|bolt from the blue||To refer to something as a bolt from the blue means that it happened totally unexpectedly.|
The chairman’s resignation came as a bolt from the blue.
|on cloud nine||A person who is on cloud nine is very happy because something wonderful has happened.|
When the boss announced my promotion, I was on cloud nine.
|cloud on the horizon||A problem or difficulty that is predictable, or seems likely to arise in the future, is called a cloud on the horizon.|
They are happily married and for the moment there appear to be no clouds on the horizon.
|in the dark||If someone is kept or left in the dark about something, they are not informed about it.|
The personnel was kept in the dark about the merger until the last minute.
|fair-weather friend||Someone who acts as a friend when times are good, and is not there when you are in trouble, is called a fair-weather friend.|
I thought I could count on Bill, but I’ve discovered he’s just a fair-weather friend.
|heavens open||When the heavens open, it suddenly starts to rain heavily.|
As soon as the race started, the heavens opened and the runners were soaked.
|once in a blue moon||If something occurs once in a blue moon, it happens very rarely.|
Bill has very little contact with his brother. They see each other once in a blue moon.
|reach for the moon||If you reach for the moon, you are very ambitious and try to achieve something even if it is difficult.|
His parents were hardworking people who encouraged their children to reach for the moon.
|come rain or shine||If a person does something come rain or shine, they do it regularly, whatever the circumstances.|
He goes to the gym club every day, come rain or shine.
|never rains but it pours||This expression is used to comment on the fact that when something bad happens, other bad things often happen too, and make the situation even worse.|
First he forgot his briefcase, then he lost his wallet, and when he reached the car park, his car had been stolen – it never rains but it pours!
|take a rain check||To say that you take a rain check means that you cannot accept an invitation or offer now, but you will be happy to accept it later.|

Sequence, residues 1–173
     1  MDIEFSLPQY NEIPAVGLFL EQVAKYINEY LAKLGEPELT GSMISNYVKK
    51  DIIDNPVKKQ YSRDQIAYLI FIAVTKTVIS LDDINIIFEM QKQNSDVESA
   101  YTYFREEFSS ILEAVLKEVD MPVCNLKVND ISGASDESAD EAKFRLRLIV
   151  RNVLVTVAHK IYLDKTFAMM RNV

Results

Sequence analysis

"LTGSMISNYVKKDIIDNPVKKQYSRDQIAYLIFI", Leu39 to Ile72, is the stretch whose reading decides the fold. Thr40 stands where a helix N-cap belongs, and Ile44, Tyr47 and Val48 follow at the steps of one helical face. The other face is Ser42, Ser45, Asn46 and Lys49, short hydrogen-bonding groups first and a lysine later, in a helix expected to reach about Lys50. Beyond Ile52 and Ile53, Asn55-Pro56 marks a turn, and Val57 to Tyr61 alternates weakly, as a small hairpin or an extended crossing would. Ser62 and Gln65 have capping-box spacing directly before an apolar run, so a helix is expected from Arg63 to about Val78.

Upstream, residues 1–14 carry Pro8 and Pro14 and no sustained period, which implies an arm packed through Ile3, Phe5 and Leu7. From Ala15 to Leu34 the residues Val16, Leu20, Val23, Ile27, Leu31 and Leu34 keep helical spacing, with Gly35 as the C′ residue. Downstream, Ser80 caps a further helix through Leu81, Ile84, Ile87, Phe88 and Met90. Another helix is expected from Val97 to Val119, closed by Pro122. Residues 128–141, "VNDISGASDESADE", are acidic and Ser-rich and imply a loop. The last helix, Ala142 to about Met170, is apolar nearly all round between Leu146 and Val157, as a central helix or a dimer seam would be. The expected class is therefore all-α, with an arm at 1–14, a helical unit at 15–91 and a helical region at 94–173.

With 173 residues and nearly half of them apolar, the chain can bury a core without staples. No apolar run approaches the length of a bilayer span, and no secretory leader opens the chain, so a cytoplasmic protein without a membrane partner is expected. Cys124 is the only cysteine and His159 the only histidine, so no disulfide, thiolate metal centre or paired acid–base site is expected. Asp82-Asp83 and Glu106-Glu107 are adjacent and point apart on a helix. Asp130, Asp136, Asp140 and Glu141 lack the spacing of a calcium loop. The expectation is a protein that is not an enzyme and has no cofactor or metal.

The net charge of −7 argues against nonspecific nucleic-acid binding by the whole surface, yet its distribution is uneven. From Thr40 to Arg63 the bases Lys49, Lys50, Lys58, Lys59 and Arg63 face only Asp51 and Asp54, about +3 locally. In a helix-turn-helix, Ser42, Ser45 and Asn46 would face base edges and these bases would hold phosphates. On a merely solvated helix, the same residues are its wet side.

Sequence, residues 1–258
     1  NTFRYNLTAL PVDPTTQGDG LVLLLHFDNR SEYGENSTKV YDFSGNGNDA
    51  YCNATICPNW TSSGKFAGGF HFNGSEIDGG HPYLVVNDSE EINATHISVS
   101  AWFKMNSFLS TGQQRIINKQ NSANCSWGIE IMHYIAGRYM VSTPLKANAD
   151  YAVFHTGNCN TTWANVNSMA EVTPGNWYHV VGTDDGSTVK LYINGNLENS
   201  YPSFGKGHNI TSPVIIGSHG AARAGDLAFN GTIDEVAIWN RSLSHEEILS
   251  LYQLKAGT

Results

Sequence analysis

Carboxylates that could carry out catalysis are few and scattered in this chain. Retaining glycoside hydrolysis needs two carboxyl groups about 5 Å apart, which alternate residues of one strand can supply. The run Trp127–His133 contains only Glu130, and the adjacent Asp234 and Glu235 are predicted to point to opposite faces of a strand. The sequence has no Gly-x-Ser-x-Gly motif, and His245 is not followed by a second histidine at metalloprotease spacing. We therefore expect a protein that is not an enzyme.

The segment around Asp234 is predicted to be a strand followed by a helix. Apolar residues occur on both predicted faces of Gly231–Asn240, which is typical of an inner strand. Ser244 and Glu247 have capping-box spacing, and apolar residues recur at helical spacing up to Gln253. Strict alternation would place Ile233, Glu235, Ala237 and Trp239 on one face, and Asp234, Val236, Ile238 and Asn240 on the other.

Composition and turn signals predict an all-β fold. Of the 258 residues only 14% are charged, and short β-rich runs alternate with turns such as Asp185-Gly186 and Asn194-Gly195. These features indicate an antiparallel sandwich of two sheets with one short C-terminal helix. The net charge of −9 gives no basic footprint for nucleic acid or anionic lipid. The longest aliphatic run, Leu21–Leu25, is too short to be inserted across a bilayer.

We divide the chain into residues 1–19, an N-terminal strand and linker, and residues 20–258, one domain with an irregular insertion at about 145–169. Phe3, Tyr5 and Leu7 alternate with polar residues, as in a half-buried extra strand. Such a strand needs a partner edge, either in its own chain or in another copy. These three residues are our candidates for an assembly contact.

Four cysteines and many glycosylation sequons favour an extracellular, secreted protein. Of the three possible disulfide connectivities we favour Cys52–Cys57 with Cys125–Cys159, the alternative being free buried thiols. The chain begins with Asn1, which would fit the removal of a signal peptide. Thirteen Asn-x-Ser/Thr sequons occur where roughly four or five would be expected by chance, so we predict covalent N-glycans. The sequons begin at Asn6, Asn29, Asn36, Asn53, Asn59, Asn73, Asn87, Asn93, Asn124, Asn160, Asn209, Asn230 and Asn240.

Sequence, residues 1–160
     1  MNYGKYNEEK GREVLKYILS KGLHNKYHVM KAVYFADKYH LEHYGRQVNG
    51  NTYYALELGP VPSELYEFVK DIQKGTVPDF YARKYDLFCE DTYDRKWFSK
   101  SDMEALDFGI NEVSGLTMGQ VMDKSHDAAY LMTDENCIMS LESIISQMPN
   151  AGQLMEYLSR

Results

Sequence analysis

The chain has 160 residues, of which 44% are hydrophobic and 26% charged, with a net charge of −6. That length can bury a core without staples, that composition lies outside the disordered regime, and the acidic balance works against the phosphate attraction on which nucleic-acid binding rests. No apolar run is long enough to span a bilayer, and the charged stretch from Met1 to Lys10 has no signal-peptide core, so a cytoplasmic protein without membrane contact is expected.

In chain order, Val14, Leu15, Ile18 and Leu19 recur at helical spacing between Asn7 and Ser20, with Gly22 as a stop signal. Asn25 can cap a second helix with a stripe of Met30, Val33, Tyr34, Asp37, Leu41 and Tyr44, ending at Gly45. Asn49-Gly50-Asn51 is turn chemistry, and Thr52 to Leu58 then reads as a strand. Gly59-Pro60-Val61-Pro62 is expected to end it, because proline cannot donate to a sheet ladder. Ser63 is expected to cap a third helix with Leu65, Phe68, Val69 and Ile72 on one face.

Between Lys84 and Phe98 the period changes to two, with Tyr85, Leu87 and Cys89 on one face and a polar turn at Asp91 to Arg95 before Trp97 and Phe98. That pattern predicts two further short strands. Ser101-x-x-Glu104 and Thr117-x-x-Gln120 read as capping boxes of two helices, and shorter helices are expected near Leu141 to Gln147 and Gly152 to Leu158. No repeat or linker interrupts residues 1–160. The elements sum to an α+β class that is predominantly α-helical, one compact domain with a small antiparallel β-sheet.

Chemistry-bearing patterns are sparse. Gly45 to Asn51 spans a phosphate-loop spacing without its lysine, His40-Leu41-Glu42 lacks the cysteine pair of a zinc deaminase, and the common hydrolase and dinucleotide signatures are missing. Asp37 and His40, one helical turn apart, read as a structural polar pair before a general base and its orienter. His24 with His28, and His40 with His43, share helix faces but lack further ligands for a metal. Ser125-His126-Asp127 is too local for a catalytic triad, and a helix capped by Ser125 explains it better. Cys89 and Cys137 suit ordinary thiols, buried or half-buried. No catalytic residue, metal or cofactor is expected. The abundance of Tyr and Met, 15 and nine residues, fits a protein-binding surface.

Do you mind if I take a rain check on that lunch invitation? I’m going to be away all week.
|chasing rainbows||Someone who is chasing rainbows is trying to get something they will never obtain.|
She’s trying to get into Oxford, but I think she’s chasing rainbows.
|raindrop in the drought||When someone is waiting for a raindrop in the drought, they are waiting and hoping for something that has little chance of happening.|
For many people, finding a job these days is like waiting for a raindrop in the drought.
|raining cats and dogs||If it’s raining cats and dogs, it is raining very heavily.|
We’ll have to cancel the picnic I’m afraid – it’s raining cats and dogs.
|storm is brewing||If you say that a storm is brewing, you mean that the atmosphere indicates that there is going to be trouble, probably with outbursts of anger or emotion.|
As soon as we saw Pete’s face, we knew there was a storm brewing.
|storm in a teacup||To refer to something as a storm in a teacup means that people are making a lot of unnecessary fuss or getting excited about something unimportant.|
They were arguing about who should go to the supermarket, but it was just a storm in a teacup.
|in the eye of the storm||A person or organization who is in the eye of the storm is deeply involved in a difficult situation which affects a lot of people.|
The Prime Minister was often in the eye of the storm during the debate on the war in Iraq.
|lull before the storm||A period of unnatural calm before a difficult time or violent activity is called the lull before the storm.|
The sales start on January 1st. The quiet period before that is just the lull before the storm.
|weather the storm||If you weather the storm, you succeed in surviving a difficult period or situation.|
Given the current recession, the company is weathering the storm better than most.
|stormy relationship||If you have a stormy relationship with someone, you have a lot of arguments and disagreements.|
After a very stormy relationship, they decided to separate.
|make hay while sun shines||This expression is used as an encouragement to take advantage of a good situation which may not last.|
Successful athletes are advised to make hay while the sun shines.
|snowed under||Someone who is snowed under has so many things to do, usually work, that they unable to cope with it all.|
With the ‘flu epidemic, doctors and nurses are completely snowed under.
|face like thunder||If someone has a face like thunder, they look very angry.|
When Dad is really angry, he has a face like thunder!
|tide has turned||When a trend has changed from one thing to another, the tide has turned.|
Before, people wanted to live in residential suburbs; now the tide has turned and warehouses are being converted into fashionable loft apartments.
|under the weather||If you are under the weather, you are not feeling very well.|
You look a bit under the weather. What’s the matter?
|chill wind of something||If you face or feel the chill wind of something, you are beginning to encounter the problems or trouble it causes.|
Many building companies are facing the chill wind of the recession.
|get wind of||If you get wind of something, you hear about something you were unaware of, usually a private or secret matter.|
The chairman didn’t want the press to get wind of the takeover before the agreement was signed.
|know which waywind blows||This expression means that it is advisable to know how a situation is developing, or what the tendency is, in order to be prepared for any changes.|
Before we decide on anything, we need to know which way the wind is blowing.